Peer-Reviewed Journal Details
Mandatory Fields
Lee, A., Brown, S., & Gibbon, F.E.
2008
March
International Journal of Language and Communication Disorders.
Effect of listeners' linguistic background on perceptual judgements of hypernasality.
Validated
WOS: 11 ()
Optional Fields
1
12
Background: Many speech and language therapists work in a multilingual environment, making cross-linguistic studies of speech disorders clinically and theoretically important. Aims: To investigate the effect of listeners' linguistic background on their perceptual ratings of hypernasality and the reliability of the ratings. Methods & Procedures: The speech samples were nine Cantonese non-nasal sentences produced by 22 speakers (20 speakers with hypernasality and two speakers with normal resonance). Twenty-four non-expert listeners (twelve Cantonese and twelve English) rated the speech samples using direct magnitude estimation. Outcomes & Results: The Cantonese listeners gave significantly higher ratings to the female speech samples (mean = 76.02) than the English listeners (mean = 59.24; t = 3.189, p<0.05). The difference in direct magnitude estimation ratings between the Cantonese (78.57) and English (70.83) listeners was not significant for the male samples (t = 2.097, p>0.05). Despite the difference in numerical ratings between the two groups of listeners, the high correlations between their ratings indicated that they ranked the speech samples in terms of hypernasality severity similarly. Both groups of listeners showed high inter-judge reliability but low intra-judge reliability for rating the two sets of speech samples. There was a significant difference in intra-judge reliability between the Cantonese (r = 0.55) and English (r = 0.39) listeners for the male samples (t = 2.125, p<0.05). Conclusions: Generally, the non-expert Cantonese and English listeners ranked the Cantonese samples in terms of hypernasality in a similar way. The reliability of ratings by non-expert listeners was moderate. The need for further cross-linguistic studies into perceptual evaluations of speech disorders is highlighted.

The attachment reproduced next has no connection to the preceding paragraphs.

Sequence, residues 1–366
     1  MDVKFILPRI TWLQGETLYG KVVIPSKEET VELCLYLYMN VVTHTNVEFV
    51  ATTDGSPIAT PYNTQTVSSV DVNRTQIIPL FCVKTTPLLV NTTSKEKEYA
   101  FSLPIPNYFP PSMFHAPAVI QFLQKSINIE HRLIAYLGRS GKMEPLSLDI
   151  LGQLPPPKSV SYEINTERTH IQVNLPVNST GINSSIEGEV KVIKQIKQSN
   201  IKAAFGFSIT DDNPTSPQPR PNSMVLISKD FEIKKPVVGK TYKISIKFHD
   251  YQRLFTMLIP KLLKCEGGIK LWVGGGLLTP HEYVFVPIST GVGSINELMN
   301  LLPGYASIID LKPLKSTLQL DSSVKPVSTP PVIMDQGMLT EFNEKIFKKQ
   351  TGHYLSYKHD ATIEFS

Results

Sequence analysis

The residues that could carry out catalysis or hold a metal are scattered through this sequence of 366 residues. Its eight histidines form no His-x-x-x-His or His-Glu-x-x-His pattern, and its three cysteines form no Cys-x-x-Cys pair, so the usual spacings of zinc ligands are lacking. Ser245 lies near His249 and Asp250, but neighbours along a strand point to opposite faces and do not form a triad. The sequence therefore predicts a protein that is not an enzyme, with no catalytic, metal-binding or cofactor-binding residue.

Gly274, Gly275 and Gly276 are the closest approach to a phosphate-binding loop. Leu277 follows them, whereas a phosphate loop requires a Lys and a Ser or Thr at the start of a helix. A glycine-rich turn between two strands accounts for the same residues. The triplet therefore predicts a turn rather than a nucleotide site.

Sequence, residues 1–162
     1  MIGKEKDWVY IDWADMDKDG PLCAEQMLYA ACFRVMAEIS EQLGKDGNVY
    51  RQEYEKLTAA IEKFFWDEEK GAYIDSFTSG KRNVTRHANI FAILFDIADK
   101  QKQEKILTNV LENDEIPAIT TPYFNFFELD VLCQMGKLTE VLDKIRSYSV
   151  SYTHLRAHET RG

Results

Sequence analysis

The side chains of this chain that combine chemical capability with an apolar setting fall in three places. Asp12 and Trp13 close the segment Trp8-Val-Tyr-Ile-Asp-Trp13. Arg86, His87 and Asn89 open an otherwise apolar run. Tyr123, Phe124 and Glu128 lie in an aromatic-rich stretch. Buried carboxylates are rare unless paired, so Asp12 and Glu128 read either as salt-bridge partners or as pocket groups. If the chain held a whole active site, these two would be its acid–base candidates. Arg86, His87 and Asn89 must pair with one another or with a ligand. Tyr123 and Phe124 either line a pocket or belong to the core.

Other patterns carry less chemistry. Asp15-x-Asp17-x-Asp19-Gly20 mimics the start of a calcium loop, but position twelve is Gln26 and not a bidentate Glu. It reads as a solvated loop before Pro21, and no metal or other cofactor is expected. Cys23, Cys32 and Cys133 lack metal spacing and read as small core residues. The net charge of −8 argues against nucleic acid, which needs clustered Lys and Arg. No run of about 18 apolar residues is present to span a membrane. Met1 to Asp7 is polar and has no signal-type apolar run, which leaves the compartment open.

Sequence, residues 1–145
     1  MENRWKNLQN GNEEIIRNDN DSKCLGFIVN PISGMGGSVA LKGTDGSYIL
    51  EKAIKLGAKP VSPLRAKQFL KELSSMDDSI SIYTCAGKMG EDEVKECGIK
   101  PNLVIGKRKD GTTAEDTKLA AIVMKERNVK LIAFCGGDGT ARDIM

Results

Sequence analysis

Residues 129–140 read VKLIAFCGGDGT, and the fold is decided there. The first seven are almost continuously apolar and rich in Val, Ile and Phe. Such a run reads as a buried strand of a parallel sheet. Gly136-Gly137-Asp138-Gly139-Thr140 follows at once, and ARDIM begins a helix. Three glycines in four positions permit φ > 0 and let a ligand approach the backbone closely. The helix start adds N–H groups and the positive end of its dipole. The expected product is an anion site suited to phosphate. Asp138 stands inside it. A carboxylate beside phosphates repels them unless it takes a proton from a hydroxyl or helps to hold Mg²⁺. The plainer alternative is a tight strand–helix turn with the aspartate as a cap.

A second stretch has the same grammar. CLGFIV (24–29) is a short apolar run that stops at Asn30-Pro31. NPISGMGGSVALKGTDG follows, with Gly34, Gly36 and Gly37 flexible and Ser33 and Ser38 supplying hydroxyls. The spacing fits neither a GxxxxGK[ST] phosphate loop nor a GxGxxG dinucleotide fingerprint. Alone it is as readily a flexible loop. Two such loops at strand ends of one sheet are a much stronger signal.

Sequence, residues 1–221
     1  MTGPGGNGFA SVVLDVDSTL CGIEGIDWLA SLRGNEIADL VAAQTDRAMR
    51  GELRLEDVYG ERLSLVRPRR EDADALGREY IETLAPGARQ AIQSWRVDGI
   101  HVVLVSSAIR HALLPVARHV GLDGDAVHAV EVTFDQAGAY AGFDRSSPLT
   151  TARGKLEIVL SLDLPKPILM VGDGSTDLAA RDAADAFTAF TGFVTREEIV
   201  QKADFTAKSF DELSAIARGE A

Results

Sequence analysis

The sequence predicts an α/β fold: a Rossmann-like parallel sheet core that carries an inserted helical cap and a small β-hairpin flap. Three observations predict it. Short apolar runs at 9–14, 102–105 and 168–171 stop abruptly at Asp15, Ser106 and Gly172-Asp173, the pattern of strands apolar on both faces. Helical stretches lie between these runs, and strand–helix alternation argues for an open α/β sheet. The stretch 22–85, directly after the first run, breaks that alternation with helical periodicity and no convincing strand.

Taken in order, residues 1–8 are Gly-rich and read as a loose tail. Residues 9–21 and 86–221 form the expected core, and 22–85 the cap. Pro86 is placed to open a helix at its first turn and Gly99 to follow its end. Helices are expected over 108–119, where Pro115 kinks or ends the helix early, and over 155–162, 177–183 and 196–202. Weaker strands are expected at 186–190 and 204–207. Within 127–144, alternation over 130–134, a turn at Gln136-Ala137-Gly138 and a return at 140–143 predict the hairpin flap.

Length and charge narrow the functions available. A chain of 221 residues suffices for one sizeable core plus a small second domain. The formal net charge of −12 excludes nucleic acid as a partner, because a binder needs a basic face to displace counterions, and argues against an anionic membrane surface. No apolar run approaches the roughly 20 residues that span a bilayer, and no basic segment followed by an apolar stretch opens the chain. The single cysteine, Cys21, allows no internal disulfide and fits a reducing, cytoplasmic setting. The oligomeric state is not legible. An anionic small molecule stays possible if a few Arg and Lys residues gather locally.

10.1080/13682820801890400
Grant Details